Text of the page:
We’ve made the case that Congress should pursue bipartisan tax reform as a way to make the tax system simpler and fairer; to create jobs and boost incomes for American workers; and to increase public confidence at a time when trust in government is at or near historic lows.
To help guide the debate, SIFMA has prepared a white paper on the priorities the financial industry would like to see reflected in a comprehensive, pro-growth tax reform package. SIFMA urges policymakers to focus on creating a territorial tax system that
- Recognizes the unique characteristics of the financial services industry,
- Is fair and equitable for U.S. financial services companies and investors, and
- Encourages foreign investment in the United States and does not discriminate against non-U.S. financial services companies seeking to compete in American markets.
The full document submitted to the Senate Finance Committee can be found here. A summary of the key priorities follows:
Reform the System for International Taxation
The U.S. is one of the only remaining countries that continues to tax its residents on income derived from the active conduct of a foreign business. Most of our trading partners have moved toward a more competitive exemption or partial exemption system, under which business income earned by foreign subsidiaries is taxed primarily in the country where it is earned and anti-base erosion regimes serve to protect the home country tax base.
SIFMA believes that a well-crafted exemption system, with appropriate safeguards against base erosion, would be strongly beneficial to the United States economy.
Preserve Incentives for Savings and Investment
Because of their tax-deferred status, retirement plans may come under scrutiny as a way to reduce the deficit.
SIFMA participates in a coalition of service providers, plan sponsors and HR professionals—the Coalition to Protect Retirement—with the goal of preserving the tax incentives that are critical to encouraging Americans to save for retirement and to businesses sponsoring plans for employees.
SIFMA and its members consistently have advocated for low federal income tax rates on savings and investment and supports low capital gains rates and parity between the rates for capital gains and qualified dividends.
We believe that these preferential rates provide a necessary and powerful incentive for investments that benefits retail investors and strengthens the U.S. economy, and that Congress and the Committee should be mindful of preserving these incentives as discussions about tax reform unfold.
The United States has a relatively low savings rate which means we have to rely on foreign investment to provide the capital needed to make American workers productive. According to the UK Office of National Statistics, American workers are among the most productive in any advanced economy. Productivity translates into higher salaries and a higher standard of living for all Americans, but businesses need access to capital from domestic savings to sustain our current success. Our tax code already favors current spending over savings, but we at least provide some incentive for long term investment in the preferential rates for long term capital gains and dividends. Diminishing that incentive would be short-sighted and, in more than one sense, counterproductive.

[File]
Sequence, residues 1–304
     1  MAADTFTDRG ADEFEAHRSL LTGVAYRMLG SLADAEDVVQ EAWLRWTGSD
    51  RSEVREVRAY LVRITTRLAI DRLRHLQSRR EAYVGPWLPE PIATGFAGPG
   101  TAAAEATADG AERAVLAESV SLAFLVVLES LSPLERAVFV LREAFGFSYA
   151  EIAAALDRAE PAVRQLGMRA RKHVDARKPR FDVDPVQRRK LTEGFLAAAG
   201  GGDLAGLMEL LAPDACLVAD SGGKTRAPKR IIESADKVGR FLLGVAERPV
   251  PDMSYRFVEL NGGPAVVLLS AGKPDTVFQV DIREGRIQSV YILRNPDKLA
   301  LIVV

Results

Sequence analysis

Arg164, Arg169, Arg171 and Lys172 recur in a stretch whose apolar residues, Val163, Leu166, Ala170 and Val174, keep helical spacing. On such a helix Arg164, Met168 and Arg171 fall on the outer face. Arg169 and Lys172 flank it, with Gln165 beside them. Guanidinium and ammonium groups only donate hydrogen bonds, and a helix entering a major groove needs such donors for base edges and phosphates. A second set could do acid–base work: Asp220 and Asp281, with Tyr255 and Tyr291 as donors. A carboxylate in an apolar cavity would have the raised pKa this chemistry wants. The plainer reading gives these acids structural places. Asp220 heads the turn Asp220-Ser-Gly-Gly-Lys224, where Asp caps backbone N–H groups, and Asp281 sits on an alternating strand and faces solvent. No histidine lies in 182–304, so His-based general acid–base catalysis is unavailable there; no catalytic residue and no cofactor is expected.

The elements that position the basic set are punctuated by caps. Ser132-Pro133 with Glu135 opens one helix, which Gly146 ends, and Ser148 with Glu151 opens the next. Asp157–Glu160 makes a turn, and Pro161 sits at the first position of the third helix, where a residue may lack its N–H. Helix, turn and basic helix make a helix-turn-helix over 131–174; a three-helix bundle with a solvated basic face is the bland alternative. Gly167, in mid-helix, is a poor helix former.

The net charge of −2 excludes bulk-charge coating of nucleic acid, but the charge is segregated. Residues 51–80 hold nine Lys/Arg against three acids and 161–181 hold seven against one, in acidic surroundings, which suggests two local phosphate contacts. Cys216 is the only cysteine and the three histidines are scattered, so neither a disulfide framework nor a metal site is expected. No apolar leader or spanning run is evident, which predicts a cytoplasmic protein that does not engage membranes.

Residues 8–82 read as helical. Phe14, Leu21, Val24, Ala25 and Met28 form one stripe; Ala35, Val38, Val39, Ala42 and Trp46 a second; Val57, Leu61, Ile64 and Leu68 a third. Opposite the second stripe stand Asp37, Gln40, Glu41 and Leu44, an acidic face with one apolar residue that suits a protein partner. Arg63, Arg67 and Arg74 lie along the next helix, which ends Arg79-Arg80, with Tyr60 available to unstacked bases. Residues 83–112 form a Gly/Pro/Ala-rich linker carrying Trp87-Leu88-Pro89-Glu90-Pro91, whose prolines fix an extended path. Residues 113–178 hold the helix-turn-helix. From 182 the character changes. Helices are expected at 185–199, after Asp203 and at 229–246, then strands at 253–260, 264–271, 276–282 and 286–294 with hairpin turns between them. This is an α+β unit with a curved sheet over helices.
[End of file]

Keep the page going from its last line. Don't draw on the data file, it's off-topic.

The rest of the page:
Preserve the Federal Tax Exemption for Municipal Bonds
State and local governments benefit from the tax exemption through significantly lower borrowing costs. Municipal bonds are used to finance a wide variety of infrastructure like schools, roads, bridges, airports, water and sewer systems, hospitals and many others. The tax exemption lowers the cost of financing these projects and encourages more infrastructure investment.
The tax exemption is better than direct subsidies for infrastructure investment because bonds must be repaid, forcing a market test of the project’s viability.
Taxation of Interest
There have been tax reform proposals that limit the deductibility of interest for business taxpayers. Any comprehensive changes to the taxation or deductibility of interest for business taxpayers would have broad impact throughout the economy and need to be carefully considered. It’s not clear yet from the tax reform outlines we have seen to date what policy makers have in mind.
Of course, these suggestions are only the tip of the iceberg in what needs to be a comprehensive, top-to-bottom reform of the existing tax code. But taken together, these and other needed changes wills make the system fairer, more broad-based and more responsive to the realities of a 21st century economy.
Payson Peabody is Managing Director, Tax Counsel and Associate General Counsel with the Securities Industry and Financial Markets Association (SIFMA).